For several weeks, I told myself that I'd show them. That I'd cook up an idea so innovative that there would be no question about it. Maybe it would be an academically impossible idea. Maybe it would be too expensive, or impractical, or dangerous. No matter. It would be innovative, and that was what mattered to me.

The more I nursed my daughter, the more I thought. The minutes and hours ticked by. I thought about what I was doing. I wondered why I was putting so much effort into nursing. I wondered what was in that breast milk. I tried to look for answers, but answers were sparse and hard to find.

I learned that there are living human cells in breast milk - stem cells, immune cells, and epithelial cells. But we don't know why they are there. I learned that these cells can leave the GI tract of infants and take up residence in the organs of the infants. Indeed, if you - my reader - were breast-fed, there is a chance that the progeny of your mother's cells live inside of you still. (And you wondered why you can always hear her!)

There is almost no information on this. But my imagination had come alive. And so, over the next several months, as I transitioned back to work slowly but surely, I did the most difficult professional thing I've ever done: I conceived of and wrote a proposal on studying breast milk cells and genetically engineering them to treat infant diseases that are currently untreatable. It was so difficult because I didn't know anything about it. The research topic wasn't in my "wheelhouse". I had to pull together sparse literature, fill in the gaps, and make a compelling case for why my idea had merit.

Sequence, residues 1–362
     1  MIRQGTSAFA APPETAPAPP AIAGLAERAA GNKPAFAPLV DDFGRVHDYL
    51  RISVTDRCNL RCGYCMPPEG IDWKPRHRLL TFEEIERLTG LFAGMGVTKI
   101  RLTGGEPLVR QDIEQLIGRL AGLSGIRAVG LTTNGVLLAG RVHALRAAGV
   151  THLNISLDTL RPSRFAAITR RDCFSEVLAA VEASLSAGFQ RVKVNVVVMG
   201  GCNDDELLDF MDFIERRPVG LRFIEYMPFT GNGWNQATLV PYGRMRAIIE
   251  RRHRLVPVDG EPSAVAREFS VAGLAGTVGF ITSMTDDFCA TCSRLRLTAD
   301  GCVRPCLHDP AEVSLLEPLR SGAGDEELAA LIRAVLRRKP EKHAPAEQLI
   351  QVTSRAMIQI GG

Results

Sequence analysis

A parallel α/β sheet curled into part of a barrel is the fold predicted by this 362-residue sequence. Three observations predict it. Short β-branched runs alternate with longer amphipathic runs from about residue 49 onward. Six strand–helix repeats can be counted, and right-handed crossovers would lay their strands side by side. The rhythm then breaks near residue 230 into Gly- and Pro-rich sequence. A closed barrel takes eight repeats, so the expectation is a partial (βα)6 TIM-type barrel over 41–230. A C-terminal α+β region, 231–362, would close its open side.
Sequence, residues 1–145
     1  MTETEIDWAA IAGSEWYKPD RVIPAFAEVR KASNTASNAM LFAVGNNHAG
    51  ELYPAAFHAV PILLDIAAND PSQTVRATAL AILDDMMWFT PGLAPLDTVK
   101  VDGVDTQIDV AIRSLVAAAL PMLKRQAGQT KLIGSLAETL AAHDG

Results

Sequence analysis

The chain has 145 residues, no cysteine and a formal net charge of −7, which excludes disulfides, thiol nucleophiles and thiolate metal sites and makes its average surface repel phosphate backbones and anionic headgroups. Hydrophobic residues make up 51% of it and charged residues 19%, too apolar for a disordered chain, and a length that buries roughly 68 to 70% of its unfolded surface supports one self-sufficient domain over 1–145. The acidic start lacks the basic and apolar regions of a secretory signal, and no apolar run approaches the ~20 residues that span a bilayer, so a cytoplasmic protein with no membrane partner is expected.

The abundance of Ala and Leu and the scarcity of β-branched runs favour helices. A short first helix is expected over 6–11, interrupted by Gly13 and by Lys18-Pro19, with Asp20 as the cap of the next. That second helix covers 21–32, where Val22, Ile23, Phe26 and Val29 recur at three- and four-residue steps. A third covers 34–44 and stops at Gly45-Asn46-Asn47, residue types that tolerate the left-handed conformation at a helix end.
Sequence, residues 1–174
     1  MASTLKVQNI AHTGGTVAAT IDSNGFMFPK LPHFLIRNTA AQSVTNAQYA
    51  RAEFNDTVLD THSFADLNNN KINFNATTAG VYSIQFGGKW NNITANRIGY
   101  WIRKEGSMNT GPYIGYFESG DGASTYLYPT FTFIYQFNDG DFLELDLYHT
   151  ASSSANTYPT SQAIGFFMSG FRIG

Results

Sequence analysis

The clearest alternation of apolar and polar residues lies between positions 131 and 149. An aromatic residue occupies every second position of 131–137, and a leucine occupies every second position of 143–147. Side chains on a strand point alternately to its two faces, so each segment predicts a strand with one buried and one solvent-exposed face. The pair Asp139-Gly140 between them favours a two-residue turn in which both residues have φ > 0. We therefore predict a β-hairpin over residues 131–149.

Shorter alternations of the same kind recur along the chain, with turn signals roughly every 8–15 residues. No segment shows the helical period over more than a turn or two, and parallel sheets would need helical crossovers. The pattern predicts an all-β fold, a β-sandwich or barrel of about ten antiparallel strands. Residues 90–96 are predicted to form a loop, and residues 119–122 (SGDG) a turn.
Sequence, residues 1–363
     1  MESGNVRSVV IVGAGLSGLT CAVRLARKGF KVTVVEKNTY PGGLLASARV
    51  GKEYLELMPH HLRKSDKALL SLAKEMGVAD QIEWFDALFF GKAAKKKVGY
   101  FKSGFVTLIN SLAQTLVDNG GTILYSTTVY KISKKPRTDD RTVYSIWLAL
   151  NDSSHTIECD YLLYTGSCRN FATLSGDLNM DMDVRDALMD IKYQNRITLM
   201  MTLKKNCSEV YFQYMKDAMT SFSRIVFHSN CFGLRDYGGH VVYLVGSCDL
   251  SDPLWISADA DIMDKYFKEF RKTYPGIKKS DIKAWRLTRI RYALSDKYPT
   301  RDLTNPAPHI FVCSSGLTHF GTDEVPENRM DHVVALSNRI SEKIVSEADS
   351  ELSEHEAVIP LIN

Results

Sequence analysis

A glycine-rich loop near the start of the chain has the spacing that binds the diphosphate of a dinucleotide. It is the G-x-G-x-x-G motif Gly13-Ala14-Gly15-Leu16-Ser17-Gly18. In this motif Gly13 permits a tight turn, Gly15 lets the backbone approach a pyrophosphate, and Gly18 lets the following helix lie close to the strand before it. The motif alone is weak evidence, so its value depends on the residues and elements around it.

Going through the incredible challenge of writing that proposal is one of the most important things I've ever done. I submitted my idea this past fall for funding, and its status is pending. But I wanted to write this post now, because the process was enormously important for me - regardless of whether or not my proposal is funded. It happens all the time - we focus too much on outcome. But the process is what's empowering. The process I went through is why I feel better, and why I will be a better scientist and innovator no matter what some anonymous review says about me.

I have that careless reviewer to thank. And my daughter, and the countless hours spent with her gnawing on my appendages. And my anger. Anger can be transformative if we allow it to be.

Thursday, December 7, 2017


Five years ago, I came to Carnegie Mellon and walked into an empty office. I didn't know what to make of the blank space, just for me. Private space was unheard of in my huge postdoc lab, and decorating my own home always required compromise with my husband.

Fig. 1. I started with some loaner tables and a poinsettia gifted to me by a kind staff member who thought my office looked pathetically bare.